Alexander Zverev exclusive interview: “I always think I can go further”
Alexander Zverev is finally back to the form he showed at the end of 2018. tennishead managed to catch up with the German star earlier this year at the launch of his new racket, the Head Gravity, where we found him in his usual good mood.
When was the first time you played on grass and what were your first impressions?
“The first time was when I was 11 years old in Halle, when my brother was playing in the ATP event there. He was playing in the final of the doubles with Mikhail Youzhny. I was actually practising with him. I absolutely loved it.”
You first played in the boys’ singles at Wimbledon in 2013. Do you remember much about the occasion?
“Yes. I’d had a great run in previous tournaments. I reached the boys’ final at the French Open and I made the final at Roehampton in the tournament before Wimbledon. I was playing really good tennis. My first time at Wimbledon was an unbelievable feeling, playing on the magical grass courts. Unfortunately I got injured in the third round, but it was a great experience.”
At Wimbledon 2018 you lost to Ernests Gulbis in the third round, but you had some physical issues, didn’t you?
“I’d had an unbelievable clay-court season, but at the French Open I suffered a big hamstring muscle tear. I didn’t have any practice or preparation for Wimbledon, so I was actually happy just to get to the third round. Then I had a stomach virus. I was up two sets to one [against Gulbis] but then I had no energy, firstly because I hadn’t prepared properly because I hadn’t practised, and secondly because of the stomach virus.”
Did you think you could have gone much further in 2018 if you had been healthy?
“I always think I can go further than I have. I’ve lost a few very tough matches in Grand Slams. I lost in five sets to Rafa Nadal when he made the final [at the 2017 Australian Open]. I lost to [Milos] Raonic at Wimbledon in five sets. I’ve lost a few five-setters. Always when I lose those I think: if I had won that maybe it could have been a special tournament for me.”
You’ve beaten Roger Federer on grass and you’ve reached the final at Halle twice, but at Wimbledon you’ve never beaten a top 50 player. Do you think there’s a particular reason for that?
“The second time I played at Wimbledon, in 2016, I lost to [Tomas] Berdych in the third round. He was a top 10 player and he went on to make the semi-finals. I was only 19 years old. The following year I played Raonic, the runner-up from the previous year. I was up two sets to one, but he won in five sets. He was still top eight in the world. Then obviously last year I wasn’t feeling too well. For me it’s not a big concern. I hope it’s only a matter of time until I really go far at Wimbledon. Maybe this year will be completely different.”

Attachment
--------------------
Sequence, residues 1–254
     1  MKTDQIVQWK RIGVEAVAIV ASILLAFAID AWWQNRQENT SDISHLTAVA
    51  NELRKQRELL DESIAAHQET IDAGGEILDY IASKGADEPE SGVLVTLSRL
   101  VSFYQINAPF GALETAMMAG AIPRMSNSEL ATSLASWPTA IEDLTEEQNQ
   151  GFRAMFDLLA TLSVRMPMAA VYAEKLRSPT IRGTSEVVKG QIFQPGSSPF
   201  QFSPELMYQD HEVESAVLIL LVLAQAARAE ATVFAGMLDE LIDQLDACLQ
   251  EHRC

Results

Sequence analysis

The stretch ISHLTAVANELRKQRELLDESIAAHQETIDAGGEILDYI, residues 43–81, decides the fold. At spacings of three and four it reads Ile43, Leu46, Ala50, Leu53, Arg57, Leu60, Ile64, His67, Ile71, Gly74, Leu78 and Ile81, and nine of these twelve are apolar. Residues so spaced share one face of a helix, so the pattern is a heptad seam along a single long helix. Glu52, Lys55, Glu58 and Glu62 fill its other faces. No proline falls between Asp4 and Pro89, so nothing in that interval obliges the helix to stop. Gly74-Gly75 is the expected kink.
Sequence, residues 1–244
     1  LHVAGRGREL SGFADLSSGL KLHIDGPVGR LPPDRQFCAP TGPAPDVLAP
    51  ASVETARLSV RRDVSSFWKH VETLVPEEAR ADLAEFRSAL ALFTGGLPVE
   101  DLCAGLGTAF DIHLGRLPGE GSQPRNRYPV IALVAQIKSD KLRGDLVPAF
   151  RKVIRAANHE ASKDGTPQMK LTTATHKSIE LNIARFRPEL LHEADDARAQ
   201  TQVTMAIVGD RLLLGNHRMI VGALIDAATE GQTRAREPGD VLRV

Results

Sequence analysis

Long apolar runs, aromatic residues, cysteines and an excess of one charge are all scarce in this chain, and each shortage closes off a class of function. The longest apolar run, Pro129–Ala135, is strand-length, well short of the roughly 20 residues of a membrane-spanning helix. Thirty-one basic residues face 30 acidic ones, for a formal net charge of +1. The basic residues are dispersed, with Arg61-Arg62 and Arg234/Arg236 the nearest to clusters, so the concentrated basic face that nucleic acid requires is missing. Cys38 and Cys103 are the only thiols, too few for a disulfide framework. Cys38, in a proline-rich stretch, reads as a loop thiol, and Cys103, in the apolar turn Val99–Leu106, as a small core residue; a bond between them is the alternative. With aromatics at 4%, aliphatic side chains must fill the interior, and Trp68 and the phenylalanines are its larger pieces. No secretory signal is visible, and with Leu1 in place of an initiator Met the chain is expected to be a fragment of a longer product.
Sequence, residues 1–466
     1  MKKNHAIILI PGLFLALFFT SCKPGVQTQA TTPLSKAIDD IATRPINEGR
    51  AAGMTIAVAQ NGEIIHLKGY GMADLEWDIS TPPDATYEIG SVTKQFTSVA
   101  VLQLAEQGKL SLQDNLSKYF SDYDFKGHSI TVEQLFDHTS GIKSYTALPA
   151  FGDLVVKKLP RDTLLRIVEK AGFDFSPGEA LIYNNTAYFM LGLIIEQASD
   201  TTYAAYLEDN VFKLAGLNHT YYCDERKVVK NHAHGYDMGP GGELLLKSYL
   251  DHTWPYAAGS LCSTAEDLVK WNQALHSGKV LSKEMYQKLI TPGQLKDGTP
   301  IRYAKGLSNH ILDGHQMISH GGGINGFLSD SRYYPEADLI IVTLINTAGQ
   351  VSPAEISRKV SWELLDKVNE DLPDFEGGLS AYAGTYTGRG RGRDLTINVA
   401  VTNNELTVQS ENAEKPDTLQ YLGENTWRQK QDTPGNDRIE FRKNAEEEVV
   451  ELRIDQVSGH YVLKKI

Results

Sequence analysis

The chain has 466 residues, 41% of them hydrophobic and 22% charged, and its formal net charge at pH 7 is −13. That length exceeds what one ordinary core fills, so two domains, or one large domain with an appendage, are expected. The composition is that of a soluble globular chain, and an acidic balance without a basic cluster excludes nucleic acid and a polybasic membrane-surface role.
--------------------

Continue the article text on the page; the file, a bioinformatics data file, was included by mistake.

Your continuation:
Ivan Lendl, who was one of your coaches, always pushed himself very hard physically. Did he push you hard too?
“Yes, but I’ve always pushed myself very hard. He actually had to stop me sometimes. He always said: ‘You’re probably one of the hardest-working players I’ve ever worked with.’ I don’t need somebody extra to push me. I’m very motivated, I’m very determined and I know what it takes. For me it’s more about working smart than working hard.”
Lendl also had a reputation for telling very bad jokes. Did you experience that?
“Yes, 100 per cent. And he liked to retell them 50 times.”
Do you have to be careful with what you eat and drink?
“I’m very careful. For me it’s about not losing weight so much as gaining weight. I can lose weight very easily, so I have to have a diet where I eat enough calories, enough protein. I want to keep my weight between 86 and 90 kilos. I can very easily go under that if I play long, tough matches. At the beginning of the year I was sick and lost eight kilos in two weeks. I obviously have to eat healthy. I’m obviously not going to eat fast food, but I have to eat a good amount.”
What was your best subject at school?
Were you a good student?
“I was good in the subjects I really liked. I was also good at physics and chemistry. But I couldn’t stand art, for example.”
If you hadn’t been a tennis player what would you have done?
“I would still have been an athlete – maybe a soccer player.”
When you finish your tennis career what will you do?
“There’s still a long way to go before that. Hopefully I’ll be a very good father. I want a family. I’m a family person. I will do sport for fun. I’ll play a lot of basketball, a lot of soccer as well.”
Alexander Zverev fact file
Lives: Monte Carlo
Height: 6ft 6in
Weight: 14st 2lb
Turned professional: 2013
Biggest titles: Rome Masters 2017, Montreal Masters 2017, Madrid Masters 2018, ATP Finals 2018
Best Grand Slam performance: French Open quarter-finals 2018, 2019
Highest world ranking: No 3
Languages: speaks German, English and Russian
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